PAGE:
$25 million closer to Guinea worm eradication

After reducing the incidence of Guinea worm disease by more than 95.5 percent worldwide over the past two decades, the Carter Center this spring made a huge leap toward its goal of finally eradicating the parasitic disease when the Bill and Melinda Gates Foundation pledged $25 million toward completing the task.

The Gates Foundation's grant will provide an initial $5 million and challenges other donors to give an additional $20 million, which the foundation will match dollar for dollar. The Canadian International Development Agency (CIDA) has pledged $5 million in response, and the Conrad N. Hilton Foundation has pledged $1 million. When the challenge has been met, $45 million will have been committed to eradicating Guinea worm.

"The last cases of Guinea worm disease are the most crucial, difficult, and expensive to contain," said former U.S. President and Emory Distinguished Professor Jimmy Carter. "The new peace agreement between northern and southern Sudan and the recent Gates Foundation challenge grant will help us secure the remaining access and resources needed to finish the job."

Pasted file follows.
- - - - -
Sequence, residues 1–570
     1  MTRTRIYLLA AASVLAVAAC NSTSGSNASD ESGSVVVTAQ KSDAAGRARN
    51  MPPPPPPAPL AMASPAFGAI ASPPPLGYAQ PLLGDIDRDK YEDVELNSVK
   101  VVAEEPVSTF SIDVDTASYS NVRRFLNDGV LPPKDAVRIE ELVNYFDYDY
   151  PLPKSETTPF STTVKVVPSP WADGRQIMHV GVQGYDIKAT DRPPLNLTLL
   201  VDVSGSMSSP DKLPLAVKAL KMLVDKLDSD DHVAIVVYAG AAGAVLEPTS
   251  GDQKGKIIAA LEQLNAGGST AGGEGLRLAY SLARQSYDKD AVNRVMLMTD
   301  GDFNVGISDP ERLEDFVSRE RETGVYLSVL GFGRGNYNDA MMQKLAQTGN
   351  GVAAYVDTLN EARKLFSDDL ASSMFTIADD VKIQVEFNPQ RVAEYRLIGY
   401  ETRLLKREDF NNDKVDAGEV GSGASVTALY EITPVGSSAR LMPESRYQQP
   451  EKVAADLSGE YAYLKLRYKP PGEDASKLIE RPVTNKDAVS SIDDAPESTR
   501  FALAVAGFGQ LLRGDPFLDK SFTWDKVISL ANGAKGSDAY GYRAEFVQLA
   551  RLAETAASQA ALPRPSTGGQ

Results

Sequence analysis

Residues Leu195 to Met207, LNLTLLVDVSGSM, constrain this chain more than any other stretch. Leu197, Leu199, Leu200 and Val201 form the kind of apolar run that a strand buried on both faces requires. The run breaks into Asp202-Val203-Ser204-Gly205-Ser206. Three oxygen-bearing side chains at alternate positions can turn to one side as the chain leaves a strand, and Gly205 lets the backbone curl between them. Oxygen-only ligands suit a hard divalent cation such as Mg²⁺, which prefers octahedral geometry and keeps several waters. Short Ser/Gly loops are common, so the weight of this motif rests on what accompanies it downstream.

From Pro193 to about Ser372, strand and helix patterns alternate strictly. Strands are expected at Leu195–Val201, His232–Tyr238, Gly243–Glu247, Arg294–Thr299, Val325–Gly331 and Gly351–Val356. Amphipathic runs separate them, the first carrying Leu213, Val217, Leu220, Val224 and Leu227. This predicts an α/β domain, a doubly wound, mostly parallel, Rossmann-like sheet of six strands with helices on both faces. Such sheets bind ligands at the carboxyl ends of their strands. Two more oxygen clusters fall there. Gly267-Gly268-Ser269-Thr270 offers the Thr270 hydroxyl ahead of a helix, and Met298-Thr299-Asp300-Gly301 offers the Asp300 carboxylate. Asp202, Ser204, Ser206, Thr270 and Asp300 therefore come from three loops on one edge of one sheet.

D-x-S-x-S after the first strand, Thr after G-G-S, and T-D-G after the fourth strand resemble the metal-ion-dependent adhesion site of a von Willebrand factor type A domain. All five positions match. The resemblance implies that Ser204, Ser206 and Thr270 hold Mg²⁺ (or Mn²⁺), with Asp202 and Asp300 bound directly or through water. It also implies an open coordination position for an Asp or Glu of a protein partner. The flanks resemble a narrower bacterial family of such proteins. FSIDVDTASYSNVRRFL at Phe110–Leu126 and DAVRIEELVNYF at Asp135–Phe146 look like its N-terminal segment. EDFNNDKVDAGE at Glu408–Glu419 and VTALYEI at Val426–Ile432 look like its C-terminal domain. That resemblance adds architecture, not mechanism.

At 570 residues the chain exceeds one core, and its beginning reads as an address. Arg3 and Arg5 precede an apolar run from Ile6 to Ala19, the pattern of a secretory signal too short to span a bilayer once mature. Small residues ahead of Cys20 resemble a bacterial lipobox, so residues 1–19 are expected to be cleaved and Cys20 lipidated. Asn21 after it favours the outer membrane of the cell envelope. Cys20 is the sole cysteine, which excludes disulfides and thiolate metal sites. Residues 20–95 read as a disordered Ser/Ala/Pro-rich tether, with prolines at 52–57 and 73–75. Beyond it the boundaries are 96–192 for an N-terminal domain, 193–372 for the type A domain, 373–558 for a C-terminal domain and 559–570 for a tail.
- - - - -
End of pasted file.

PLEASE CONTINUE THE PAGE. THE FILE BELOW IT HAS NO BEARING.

The major grant came just weeks after President Carter, who celebrated his eightieth birthday last year, and his wife, Rosalyn, announced they would step down as chair and vice chair of the Board of Trustees of the Carter Center. The move is part of a planned shift in governance of the center. The new board chair is John Moores, who has served on the board since its creation in 1994. Moores is a San Diego businessman, owner of the San Diego Padres, and recent chair of the California Board of Regents.—P.P.P.





© 2005 Emory University